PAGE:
Who names these thing? Such an unenviable task…and my notes from this one read (no joke) “Smells like feet. Very cherry.” I was only so so on the Paradox, but I’ll offer you the following from Flemings in case ‘feet’ as a tasting note left you in the lurch: “Offering a heady mix of blueberry and cherry aromas its lingering berry and cherry flavors, this velvety lush blend is [Dan Duckhorn’s] gift to all of us.” I’m not buying…
- Yardstick Cabernet Sauvignon
Much better change of pace here. This too is a Napa Valley Cab, made of grapes sourced from Atlas Peak (from where I’ve had some enjoyable wine to be sure). It had a fantastic scent in the glass, red and black fruits that I’d say were black cherry and blackberry. You get a sense of the pepper here too, one of those soft layers that sneaks into a good wine, subtly reminding you of a presence of something greater. Nice flavor in the Yardstick–which is a GREAT bit of branding btw.
- Greg Norman Cabernet-Merlot
Um, yes, not a California red but I understand its inclusion in this table. It’s got that Bordeaux vibe to it for sure, with raspberry notes and dark fruits mixing together. I was kind of interested in this one (not sure I’ve had a Norman ever before) but it was only okay.
- Gundlach-Bundschu Mountain Cuvee
I know. You’re saying three more still? Steve and I said much the same this Saturday night as we sampled our way from Europe to North America, South America, and Australia all in one sitting. From the name I bet you’re thinking this one is international in origin, but it’s actually a Sonoma County blend of 37% Cabernet Sauvignon, 31% Merlot, 12% Cabernet Franc, and 10% Zinfandel. If you think that sounds like inelegant science you’re mistaken. This red blend was luscious in dark fruits and had an easy finish. A surprising pleasure and I’d like another glass on a night when my palate was not being so bombarded by so many flavors just so I could share more details with you on the Gundlach-Bundschu.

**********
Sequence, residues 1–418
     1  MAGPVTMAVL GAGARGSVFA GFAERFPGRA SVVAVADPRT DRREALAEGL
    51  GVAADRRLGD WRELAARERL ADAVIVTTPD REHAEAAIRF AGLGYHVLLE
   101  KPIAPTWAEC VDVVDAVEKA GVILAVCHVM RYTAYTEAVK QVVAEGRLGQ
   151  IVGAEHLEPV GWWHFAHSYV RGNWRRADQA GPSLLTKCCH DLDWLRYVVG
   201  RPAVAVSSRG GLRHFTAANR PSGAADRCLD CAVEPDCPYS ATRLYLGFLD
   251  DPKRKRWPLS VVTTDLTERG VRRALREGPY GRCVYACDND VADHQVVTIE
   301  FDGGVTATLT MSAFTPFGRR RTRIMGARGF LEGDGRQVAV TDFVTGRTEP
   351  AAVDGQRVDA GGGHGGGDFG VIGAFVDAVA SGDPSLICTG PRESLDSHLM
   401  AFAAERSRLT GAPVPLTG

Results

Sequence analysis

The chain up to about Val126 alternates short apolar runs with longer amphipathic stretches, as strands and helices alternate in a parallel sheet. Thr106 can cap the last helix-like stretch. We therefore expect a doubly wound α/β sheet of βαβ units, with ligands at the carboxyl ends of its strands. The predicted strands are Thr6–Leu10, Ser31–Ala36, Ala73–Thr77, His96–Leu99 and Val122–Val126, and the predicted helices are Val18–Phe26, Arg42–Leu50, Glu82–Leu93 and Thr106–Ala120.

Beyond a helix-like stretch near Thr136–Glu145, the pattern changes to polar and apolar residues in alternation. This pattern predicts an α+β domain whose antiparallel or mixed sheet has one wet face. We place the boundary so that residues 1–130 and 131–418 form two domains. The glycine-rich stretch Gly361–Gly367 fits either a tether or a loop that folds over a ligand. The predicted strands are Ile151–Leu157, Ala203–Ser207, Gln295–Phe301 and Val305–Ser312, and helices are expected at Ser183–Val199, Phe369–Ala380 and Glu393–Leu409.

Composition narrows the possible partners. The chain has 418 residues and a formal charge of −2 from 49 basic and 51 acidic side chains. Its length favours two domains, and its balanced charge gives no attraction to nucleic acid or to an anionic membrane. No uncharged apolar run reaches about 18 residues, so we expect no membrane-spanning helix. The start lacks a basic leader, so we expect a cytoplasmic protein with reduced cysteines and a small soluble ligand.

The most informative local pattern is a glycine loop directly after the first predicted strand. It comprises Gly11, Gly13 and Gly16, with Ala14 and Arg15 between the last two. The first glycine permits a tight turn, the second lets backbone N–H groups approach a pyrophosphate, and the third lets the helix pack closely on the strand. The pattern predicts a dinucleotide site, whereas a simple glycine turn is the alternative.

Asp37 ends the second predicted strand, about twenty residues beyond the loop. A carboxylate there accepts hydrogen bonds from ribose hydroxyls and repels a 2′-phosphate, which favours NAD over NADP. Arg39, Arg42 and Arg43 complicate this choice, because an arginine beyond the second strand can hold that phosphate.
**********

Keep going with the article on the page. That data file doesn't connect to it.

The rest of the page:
- Double T Trefethen Red Blend
This one too is a combination (Cabernet Sauvignon, Merlot, Cabernet Franc, Petit Verdot, and Malbec) red, Bordeaux in style. We got talking to some friendly patrons while sampling this round, and I’m afraid I have nothing of consequence to relay about the Trefethen. Wine & Spirits describes its “…plummy, jammy nose, its cherry-berry flavor profile, and its smooth, chocolate-covered finish” but I cannot recall from firsthand experience.
- Hills Hope
Not sure if I should include this one or not. I am unsure of the winemaker or region for this one, or candidly the label or grape. Is very likely a red blend in the Bordeaux style, simply by its grouping at this particular table. A Google search yields too many “hills” to narrow the field, so this is definitely a clunky last entry. I wrote, “Easy finish. Dark cherry and raspberry with small tannins” but cannot be any more helpful than that. Disappointing and may even edit this one out in the future…sort of weighing the journalistic integrity either way.
I’m a little regretful that I didn’t take better stock of the vintage in the above. Most were assuredly ’13s and ’14s but I am pretty sure there were a few ’12s in the mix too. Sorry about that, fans.
That said, fifteen samples made for a great night and a great experience to share. If you like any of the above be sure to share some yourself and spread the love. -RMG
The 2014 Gascon Malbec, originating from the Mendoza region of Argentina, was exactly the kick of spice and dark fruits that I wanted tonight to accompany my steak. I opted for London Broil and a side salad, and the pepper seasoning of the meat and the onions in the mixed greens needed something substantive in terms of wine pairings. The Gascon lived up to the task.
This isn’t my first bottle of Gascon but first of the vintage. The Notes review of the 2009 you can read here. What of the Mendoza region?
- Mendoza is responsible for nearly two thirds of all Argentinian wine production.